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Girl in a jacket

Nicolas Cage in favor of darker, scarier “Ghost Rider”

Nicolas Cage returns as Johnny Blaze in Warner Bros.’ 3D supernatural action-thriller “Ghost Rider: Spirit of Vengeance.” In the film, Johnny – still struggling with his curse as the devil’s bounty hunter – is hiding out in a remote part of Eastern Europe when he is recruited by a secret sect of the church to save a young boy from the devil. At first, Johnny is reluctant to embrace the power of the Ghost Rider, but it is the only way to protect the boy – and possibly rid himself of his curse forever.

During a press conference at the 2011 San Diego Comic Con, Cage assured fans that “Ghost Rider: Spirit of Vengeance” will be scarier than his first outing as the comic book-inspired character. “This one, with directors Mark Neveldine and Brian Taylor, will go into the wonderful bliss of the nightmare imagination. I think it will be very entertaining.”

Check out the rest of Cage’s thoughts about the film in the following interview.

Q. What new things were you able to add to “Ghost Rider” this time?

Nicolas Cage: When I was trying to think about how the Ghost Rider would move, I wanted to find something really weird, which would be like levitating in circles. We called it ‘the compass’ together, to mess with how he would attack his enemies. It was like trying to design a body language from another dimension that would hopefully scare you and entertain you.

Q. Were there any stunts that really stood out for you, that really pushed your personal limits?

Cage: All the wirework was very stimulating, but also very nauseating, literally. I was going around in circles, upside down, and I was really trying not to throw up because it kept spinning and spinning. It’s one of my favorite things that we all came up with together, so I’m glad it’s there. It was well worth it.

Q. Did you have any pressure to make this film lighter?

Cage: There’s a lot of humor to be found in sarcasm and darkness. You talk to any paramedic, they survive by developing a pretty off-kilter sense of humor. I think Blaze, with any luck, has that because he’s really dealing with the fact that his head goes on fire, for years now. In the first movie, he kept it at bay. He was more like an innocent goofball. In this movie, there’s been a little fiery tapdance on his head, for several years. I think it should change his personality quite a bit.

Q. You played a character who had escaped from hell in “Drive Angry.” Are there any similarities or differences between that and this version of “Ghost Rider” ?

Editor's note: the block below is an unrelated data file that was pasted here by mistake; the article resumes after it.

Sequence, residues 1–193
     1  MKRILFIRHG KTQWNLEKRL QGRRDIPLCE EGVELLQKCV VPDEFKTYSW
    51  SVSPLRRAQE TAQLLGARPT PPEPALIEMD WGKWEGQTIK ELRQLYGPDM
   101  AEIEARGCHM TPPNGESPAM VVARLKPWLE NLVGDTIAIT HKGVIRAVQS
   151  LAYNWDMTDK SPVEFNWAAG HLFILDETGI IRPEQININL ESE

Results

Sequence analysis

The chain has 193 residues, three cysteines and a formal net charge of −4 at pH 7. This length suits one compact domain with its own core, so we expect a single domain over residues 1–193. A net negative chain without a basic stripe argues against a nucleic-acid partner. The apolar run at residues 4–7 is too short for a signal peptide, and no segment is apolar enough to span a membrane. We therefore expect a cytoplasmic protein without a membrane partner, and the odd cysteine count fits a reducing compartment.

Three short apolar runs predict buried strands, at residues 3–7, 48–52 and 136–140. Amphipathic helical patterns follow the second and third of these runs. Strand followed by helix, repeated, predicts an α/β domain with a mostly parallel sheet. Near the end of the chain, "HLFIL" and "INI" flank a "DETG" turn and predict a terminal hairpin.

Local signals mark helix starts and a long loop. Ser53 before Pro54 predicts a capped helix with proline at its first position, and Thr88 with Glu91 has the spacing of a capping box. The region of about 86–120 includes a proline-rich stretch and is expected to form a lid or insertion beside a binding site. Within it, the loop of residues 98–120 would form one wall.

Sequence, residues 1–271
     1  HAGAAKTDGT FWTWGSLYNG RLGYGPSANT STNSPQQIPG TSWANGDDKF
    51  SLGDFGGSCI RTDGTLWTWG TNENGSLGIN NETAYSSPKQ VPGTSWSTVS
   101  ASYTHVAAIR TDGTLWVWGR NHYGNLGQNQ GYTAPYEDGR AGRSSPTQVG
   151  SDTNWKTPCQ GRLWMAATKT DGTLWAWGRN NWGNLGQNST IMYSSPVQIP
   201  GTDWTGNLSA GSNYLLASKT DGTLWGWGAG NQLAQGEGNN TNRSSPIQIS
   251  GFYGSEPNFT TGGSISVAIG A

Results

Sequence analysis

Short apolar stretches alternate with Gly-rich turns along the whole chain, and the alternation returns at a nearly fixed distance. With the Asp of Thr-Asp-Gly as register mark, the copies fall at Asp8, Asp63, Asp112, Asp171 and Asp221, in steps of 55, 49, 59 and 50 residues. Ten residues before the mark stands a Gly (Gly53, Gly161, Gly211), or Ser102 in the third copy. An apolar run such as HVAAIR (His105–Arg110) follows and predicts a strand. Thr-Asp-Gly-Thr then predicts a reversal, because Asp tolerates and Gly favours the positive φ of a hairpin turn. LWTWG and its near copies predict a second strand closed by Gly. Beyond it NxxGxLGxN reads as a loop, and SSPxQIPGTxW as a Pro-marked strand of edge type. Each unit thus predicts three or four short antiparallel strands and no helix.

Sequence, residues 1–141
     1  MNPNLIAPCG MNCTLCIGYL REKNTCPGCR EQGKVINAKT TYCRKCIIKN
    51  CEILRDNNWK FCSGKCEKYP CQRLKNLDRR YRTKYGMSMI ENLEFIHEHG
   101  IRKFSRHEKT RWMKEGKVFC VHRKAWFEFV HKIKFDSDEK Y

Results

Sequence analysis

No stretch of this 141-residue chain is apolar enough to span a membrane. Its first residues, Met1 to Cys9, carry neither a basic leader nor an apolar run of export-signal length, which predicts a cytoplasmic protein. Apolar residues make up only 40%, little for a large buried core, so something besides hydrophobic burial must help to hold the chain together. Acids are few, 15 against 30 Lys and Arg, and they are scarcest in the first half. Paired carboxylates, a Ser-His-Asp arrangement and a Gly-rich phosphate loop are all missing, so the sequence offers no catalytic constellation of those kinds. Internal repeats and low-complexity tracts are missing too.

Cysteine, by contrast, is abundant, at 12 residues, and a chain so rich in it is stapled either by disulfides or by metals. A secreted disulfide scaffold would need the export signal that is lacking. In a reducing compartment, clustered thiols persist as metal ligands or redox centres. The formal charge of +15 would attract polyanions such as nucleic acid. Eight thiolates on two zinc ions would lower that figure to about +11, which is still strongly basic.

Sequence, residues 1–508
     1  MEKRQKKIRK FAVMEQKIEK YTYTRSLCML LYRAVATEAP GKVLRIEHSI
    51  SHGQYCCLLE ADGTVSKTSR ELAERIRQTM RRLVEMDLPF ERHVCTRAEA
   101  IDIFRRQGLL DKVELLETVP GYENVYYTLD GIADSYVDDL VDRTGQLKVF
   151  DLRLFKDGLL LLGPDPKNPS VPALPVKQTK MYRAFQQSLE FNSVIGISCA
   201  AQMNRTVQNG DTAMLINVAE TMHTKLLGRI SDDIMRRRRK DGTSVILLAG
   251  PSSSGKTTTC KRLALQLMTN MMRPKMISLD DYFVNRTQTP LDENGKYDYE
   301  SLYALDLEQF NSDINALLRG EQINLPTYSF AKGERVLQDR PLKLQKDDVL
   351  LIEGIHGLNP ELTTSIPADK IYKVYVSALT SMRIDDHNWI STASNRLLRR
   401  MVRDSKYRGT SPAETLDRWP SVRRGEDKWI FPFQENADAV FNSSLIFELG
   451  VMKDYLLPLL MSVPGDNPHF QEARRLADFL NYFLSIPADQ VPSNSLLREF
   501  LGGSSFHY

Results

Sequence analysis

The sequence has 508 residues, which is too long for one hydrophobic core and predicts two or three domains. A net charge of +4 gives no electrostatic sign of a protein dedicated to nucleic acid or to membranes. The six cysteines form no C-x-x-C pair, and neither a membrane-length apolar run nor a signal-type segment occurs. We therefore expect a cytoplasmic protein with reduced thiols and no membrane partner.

Cage: They’re totally different. In “Drive Angry,” I was playing a living dead man. Blaze is a living man who turns into a demon, so it’s a totally different kind of energy. A living dead man has to be a little bit more dead, whereas a living man who turns into a ghost can still be very alive.

Q. When you read comic books as a kid, it wasn’t always the coolest thing, but now you’re in a position in Hollywood to make those seemingly uncool things, cool for everybody. What’s it like to be in this moment in time, when all these characters you loved as a kid are being loved by the masses?

Cage: I actually had a vision of it when I was 9, that this was going to happen. It took a while because we didn’t have the technology to make them come to life so magnificently, as we do today. It was always so goofy, the stupid costumes of “Spider-Man” in the old movies in the ‘60s and ‘70s, and “Captain America.” But now, it’s become all the rage because there’s something in it for everybody. It’s perfect entertainment. It’s exciting for me. I love seeing all the movies happen.

Q. What comics do you read now? What are you passionate about?

Cage: I was into Planet Hulk. I thought that was pretty inspired stuff. I went back in time and looked at Batman vs. Predator. I just had to see who won that battle. There’s a lot of fun stuff. It’s always a good experience to go shopping in a local comic book shop.

Q. Who won that battle?

Cage: It was kind of a tie-breaker, but they usually are. I think Batman won, which was a bit of a stretch.

Brian Taylor: We’ve decided that Ghost Rider can kill all the other superheroes. Ghost Rider can beat Superman.

Cage: Because he has the penance stare, and everyone’s done something wrong. He will just look at you over and over and over and over again.

(Opening across the Philippines on February, “Ghost Rider: Spirit of Vengeance” is distributed by Warner Bros. Pictures, a Warner Bros. Entertainment Company.)

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